Two years ago, I wrote a short blog post “the market is dropping – what to do”. The Straits Times Index had fallen below 2,650 points and the mood was grim. Today the situation could not be more different. With stocks at record highs is a new crash coming?
Of course, nobody can say when the next market crash will come, or even when the next bear market will happen. There is only one thing I can say with certainty – we are now 2 years closer to it than we were when I wrote the post about the market “crashing” in January 2016.
As we know, the Singapore stock market has more than recovered with the Singapore Straits Times Index increasing from 2,650 points in January 2016 to around 3,550 points in January 2018. Years of low interest rates and the resulting cheap money have increased asset prices and the cost of every investment imaginable, from stocks to old Porsches to apartments in Berlin.
Stock valuations are high:
The cyclically adjusted price-to-earnings ratio, commonly known as Shiller P/E for the US American market is worryingly high. In fact it has been higher only right before the infamous dotcom bubble burst.
A worrying sight. Picture from: http://www.multpl.com/shiller-pe/
Now, just as always, there are those people that say “this time it is different”. But is it?
Speculation is increasing:
Cryptocurrencies are reaching new heights on speculation and colleagues in the office are talking about flipping houses, “investing” in Bitcoin and what nice cars they will buy once their bonuses are paid out. All I keep thinking is “this feels a lot like 2007”.
While nobody knows for certain if the next crash/correction/downturn will happen now or in ten years it is always prudent to be prepared for while the rest of the world is still in party mode. After all: nobody is sure when it will happen, but for sure it must happen at some point.
How to prepare for the next downturn
- Review your asset allocation. Has the increase in stocks thrown your asset allocation off track? If your stock allocation has become too big it might make sense to re-balance.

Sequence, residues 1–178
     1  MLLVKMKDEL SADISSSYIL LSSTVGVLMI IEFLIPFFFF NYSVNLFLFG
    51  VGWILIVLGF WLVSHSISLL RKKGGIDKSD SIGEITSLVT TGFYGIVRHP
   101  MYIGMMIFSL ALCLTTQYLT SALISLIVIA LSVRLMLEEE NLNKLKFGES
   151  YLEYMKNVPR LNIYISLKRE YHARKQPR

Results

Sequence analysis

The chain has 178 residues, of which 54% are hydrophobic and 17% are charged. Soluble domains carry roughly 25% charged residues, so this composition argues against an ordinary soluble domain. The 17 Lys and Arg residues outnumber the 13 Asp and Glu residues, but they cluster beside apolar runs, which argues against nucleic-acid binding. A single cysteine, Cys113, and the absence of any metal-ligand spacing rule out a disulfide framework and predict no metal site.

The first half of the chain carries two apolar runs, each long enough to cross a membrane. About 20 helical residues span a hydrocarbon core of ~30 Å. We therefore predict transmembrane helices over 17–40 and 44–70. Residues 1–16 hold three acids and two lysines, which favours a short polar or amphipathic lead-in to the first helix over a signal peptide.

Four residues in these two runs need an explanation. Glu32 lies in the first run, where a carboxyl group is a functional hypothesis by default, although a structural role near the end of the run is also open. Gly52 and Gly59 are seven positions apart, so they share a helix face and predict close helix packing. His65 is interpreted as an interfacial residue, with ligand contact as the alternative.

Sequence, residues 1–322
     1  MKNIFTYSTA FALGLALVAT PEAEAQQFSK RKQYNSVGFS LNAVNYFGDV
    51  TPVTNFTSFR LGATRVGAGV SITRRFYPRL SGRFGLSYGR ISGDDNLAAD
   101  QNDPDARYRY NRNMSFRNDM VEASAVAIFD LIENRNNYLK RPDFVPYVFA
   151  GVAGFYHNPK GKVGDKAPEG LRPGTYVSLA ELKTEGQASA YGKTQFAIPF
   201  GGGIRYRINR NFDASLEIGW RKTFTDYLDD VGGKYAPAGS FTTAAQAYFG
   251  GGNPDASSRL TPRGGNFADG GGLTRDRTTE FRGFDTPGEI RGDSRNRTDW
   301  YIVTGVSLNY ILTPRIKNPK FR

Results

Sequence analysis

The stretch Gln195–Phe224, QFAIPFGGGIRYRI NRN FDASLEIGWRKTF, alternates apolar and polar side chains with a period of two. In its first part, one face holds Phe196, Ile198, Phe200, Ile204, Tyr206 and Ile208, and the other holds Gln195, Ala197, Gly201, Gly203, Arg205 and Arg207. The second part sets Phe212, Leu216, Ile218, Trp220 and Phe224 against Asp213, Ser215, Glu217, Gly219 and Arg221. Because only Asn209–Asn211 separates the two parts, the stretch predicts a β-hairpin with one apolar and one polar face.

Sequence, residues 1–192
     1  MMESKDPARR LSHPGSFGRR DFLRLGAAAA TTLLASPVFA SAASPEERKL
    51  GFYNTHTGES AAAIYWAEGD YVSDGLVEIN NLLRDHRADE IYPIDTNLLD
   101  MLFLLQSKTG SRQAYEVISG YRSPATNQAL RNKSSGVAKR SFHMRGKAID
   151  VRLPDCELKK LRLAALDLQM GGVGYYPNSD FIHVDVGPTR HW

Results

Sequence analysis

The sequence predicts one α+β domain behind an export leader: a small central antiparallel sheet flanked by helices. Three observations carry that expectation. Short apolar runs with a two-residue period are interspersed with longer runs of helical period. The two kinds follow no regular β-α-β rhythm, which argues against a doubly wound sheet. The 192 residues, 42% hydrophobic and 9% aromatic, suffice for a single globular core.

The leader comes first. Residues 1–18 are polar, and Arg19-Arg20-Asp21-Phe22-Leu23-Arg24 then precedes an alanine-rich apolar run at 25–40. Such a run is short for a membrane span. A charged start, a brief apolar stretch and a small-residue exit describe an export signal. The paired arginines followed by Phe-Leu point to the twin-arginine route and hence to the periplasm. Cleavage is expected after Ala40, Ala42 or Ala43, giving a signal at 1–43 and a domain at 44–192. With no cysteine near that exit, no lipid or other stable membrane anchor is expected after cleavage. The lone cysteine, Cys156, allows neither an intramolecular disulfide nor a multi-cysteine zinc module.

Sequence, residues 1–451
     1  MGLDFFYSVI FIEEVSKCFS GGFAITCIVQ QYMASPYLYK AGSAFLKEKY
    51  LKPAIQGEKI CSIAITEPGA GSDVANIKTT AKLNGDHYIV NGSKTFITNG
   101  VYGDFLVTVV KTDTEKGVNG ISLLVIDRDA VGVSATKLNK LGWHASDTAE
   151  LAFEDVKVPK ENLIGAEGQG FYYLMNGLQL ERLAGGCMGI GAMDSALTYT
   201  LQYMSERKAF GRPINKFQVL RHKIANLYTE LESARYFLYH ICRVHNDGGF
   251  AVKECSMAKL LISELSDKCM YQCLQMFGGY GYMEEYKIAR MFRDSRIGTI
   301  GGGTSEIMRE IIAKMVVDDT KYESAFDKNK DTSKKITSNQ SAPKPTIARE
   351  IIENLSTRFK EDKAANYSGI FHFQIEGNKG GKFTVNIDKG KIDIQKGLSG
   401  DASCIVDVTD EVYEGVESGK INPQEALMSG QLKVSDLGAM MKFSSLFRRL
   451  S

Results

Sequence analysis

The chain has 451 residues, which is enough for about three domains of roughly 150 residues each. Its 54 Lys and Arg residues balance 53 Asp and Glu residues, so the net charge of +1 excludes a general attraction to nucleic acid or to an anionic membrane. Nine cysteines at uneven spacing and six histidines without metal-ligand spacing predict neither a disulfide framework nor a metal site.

- Consider your risk appetite. How much risk are you comfortable with? You can have a look at this good page from Vanguard showing various portfolio allocation models to gauge how much your portfolio might fluctuate
- Pay down debts. Paying down debts can be a great way to achieve instant returns, depending on the interest rate. Debts with more than 3% yearly interest are especially attractive for this
- Do not fall into consumer traps: now that you might get a larger bonus it is not the time to buy the latest toy or a new car. Save and invest the money instead. Toys will be a bargain secondhand once the current boom ends and people are looking to offload them.
- Do not commit to new recurring expenses that might be hard to afford on less salary or in harder times (e.g. expensive subscriptions, “upgrade” to a nicer apartment, car loans etc.)
- Check your emergency fund: do you have enough liquid cash in your accounts to cover any upcoming emergencies?
- Make use of the improving climate in the office to negotiate for more responsibilities (and afterwards higher pay), training opportunities and the like. Now is the time to build the skills and sharpen your profile
- Consider your time horizon: if you are investing for retirement and you have 15 years or more to go you should just stay the course. The market might crash and recover multiple times until you call it quits, but the historic evidence shows that the markets tend to go up in the long time
All these steps should help a bit to be prepared. Timing the market is not possible anyway. All we can do is to prepare and use this time to get into the best shape possible before the next crisis starts.
The people that keep calm and stay the course normally tend to be successful, as the famous story about the world’s worst market timer illustrates.
Better prepare the ship now – the next storm is coming!
These are just my personal ideas – I am just another normal guy, not a financial advisor. Your mileage may vary!
What are you doing? Are you preparing for the next downturn? If yes, how?